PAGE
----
This Silicon Valley inspired congregation believes “machines” will soon take over.
If you work on technology issues in the transportation sector on Capitol Hill, you probably know the name, Anthony Levandowski, the guy who designed and built Google’s first driverless car, among other neat stuff.
Levandowski is such a believer in Artificial Intelligence (AI) that he literally went out and founded a church —Way of the Future Church —that in its statement of beliefs sounds, well, maybe a little whacko but definitely committed to bringing about an AI-driven paradise on earth:
“Way of the Future (WOTF) is about creating a peaceful and respectful transition of who is in charge of the planet from people to people + ‘machines.’
If there are no absolute standards, justice is whatever anybody decides is ‘right for them’
Hitler killed at least six million Jews, plus millions of other people. Stalin starved millions of people living in “the breadbasket of Europe.” Estimates of how many millions were murdered by Mao range as high as 60 million.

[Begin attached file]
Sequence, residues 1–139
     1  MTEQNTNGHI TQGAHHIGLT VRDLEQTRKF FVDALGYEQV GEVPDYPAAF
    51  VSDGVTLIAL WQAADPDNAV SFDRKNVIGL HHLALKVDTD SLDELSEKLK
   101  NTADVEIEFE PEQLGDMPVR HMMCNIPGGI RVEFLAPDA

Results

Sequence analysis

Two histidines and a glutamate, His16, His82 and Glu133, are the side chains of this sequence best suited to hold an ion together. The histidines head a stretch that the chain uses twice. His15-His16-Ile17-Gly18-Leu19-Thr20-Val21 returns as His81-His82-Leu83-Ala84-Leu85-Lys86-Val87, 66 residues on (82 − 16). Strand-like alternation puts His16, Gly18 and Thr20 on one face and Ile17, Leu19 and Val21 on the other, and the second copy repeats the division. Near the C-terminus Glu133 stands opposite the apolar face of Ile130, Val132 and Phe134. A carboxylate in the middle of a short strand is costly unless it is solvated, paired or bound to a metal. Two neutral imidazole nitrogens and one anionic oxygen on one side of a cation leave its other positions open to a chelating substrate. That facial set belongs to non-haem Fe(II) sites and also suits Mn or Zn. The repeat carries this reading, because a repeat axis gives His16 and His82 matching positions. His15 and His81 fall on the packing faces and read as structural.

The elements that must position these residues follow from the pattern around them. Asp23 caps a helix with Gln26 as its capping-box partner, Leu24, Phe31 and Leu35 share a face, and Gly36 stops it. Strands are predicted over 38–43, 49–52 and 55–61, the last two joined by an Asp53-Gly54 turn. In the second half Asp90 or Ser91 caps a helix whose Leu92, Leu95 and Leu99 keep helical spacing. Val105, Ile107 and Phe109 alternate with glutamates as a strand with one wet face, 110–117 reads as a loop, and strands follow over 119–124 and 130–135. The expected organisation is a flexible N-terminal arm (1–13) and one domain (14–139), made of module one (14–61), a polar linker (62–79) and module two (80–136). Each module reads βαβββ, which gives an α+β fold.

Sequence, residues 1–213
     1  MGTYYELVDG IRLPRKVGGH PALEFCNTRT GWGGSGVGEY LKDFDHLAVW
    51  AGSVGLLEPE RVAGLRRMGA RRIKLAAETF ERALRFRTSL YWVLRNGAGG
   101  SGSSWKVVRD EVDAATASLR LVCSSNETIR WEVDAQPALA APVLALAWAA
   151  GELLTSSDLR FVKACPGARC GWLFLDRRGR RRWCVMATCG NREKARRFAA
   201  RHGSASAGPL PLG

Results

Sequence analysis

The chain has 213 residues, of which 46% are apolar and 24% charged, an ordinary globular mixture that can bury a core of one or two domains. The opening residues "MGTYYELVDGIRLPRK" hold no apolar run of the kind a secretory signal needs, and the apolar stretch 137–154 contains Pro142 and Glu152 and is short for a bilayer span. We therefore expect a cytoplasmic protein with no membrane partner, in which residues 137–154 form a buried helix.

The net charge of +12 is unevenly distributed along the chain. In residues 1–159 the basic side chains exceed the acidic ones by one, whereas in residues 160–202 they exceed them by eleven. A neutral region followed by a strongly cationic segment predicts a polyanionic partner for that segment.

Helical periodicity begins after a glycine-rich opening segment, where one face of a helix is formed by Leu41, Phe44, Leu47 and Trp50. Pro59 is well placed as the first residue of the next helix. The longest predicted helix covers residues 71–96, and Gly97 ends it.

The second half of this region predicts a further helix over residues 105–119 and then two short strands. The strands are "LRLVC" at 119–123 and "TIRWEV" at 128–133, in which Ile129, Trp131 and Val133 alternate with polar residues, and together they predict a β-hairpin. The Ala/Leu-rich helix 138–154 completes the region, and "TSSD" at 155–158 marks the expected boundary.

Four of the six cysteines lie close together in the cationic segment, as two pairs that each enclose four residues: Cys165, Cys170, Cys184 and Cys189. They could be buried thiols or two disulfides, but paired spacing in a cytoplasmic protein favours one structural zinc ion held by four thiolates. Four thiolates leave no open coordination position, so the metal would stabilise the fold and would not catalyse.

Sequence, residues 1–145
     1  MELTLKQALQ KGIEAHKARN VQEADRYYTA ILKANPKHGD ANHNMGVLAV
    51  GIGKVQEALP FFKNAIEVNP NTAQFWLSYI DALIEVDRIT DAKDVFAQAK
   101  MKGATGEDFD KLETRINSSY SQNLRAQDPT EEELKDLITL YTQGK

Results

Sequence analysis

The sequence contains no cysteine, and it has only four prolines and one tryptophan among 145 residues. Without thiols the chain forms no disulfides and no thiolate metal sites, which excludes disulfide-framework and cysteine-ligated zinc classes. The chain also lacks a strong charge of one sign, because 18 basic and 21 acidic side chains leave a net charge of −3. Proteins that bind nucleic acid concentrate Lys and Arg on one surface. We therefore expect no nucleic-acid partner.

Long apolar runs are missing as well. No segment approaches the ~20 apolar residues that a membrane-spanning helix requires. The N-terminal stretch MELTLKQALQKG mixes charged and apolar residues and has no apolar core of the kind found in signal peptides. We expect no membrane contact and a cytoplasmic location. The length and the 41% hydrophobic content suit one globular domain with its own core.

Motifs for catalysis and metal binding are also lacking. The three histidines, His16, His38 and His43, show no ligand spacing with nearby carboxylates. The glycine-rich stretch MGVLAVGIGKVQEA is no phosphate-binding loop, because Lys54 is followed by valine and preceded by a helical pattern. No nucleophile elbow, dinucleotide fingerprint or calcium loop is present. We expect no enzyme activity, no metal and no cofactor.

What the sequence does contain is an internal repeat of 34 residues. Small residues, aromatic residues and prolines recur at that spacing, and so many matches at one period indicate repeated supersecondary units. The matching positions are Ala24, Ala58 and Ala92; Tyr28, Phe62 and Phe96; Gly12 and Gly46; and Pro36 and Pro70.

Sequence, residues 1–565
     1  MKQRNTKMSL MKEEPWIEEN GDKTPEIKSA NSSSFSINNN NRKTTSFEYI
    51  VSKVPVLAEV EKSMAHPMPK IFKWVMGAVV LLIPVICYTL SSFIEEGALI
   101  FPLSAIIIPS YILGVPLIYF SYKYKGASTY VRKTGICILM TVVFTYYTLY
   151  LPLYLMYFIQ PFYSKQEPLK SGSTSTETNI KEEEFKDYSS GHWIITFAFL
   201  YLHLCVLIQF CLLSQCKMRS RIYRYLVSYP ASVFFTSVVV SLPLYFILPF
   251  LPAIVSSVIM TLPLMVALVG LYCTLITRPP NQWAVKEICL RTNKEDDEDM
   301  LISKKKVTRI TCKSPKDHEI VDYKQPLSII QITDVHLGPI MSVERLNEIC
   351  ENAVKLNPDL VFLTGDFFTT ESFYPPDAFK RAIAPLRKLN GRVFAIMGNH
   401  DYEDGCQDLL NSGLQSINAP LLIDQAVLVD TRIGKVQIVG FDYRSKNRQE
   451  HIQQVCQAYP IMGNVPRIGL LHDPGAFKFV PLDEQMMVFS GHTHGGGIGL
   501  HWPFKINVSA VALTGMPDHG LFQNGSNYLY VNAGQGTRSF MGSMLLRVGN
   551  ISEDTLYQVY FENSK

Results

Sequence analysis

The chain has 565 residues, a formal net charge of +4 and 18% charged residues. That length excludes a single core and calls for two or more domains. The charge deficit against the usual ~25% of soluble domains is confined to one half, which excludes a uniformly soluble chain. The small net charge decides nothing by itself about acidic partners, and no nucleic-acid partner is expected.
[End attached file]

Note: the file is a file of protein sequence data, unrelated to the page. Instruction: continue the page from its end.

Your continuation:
And yet there are still many who insist there are no absolute moral standards, every culture has its own definitions of what is right and wrong and it’s all just a matter of what “works for you.”
All of us have done things to others for which we want forgiveness, but finding it can be difficult for those working in a hyper-competitive environment like Capitol Hill where “what have you done for me today” is heard far more often than “I forgive you.”
This will likely come as a shock to those steeped in the stereotype of Christians as judgmental, overbearing and narrow-minded, but guess who finds it easier to forgive? Married Christian couples, at least according to the results of a recent survey by the Barna Group, one of the nation’s pre-eminent social science research groups.
“For better, for worse. For richer, for poorer. In sickness and in health. Whatever the wording of a couple’s wedding vows, there’s generally an acknowledgment that tough times will come.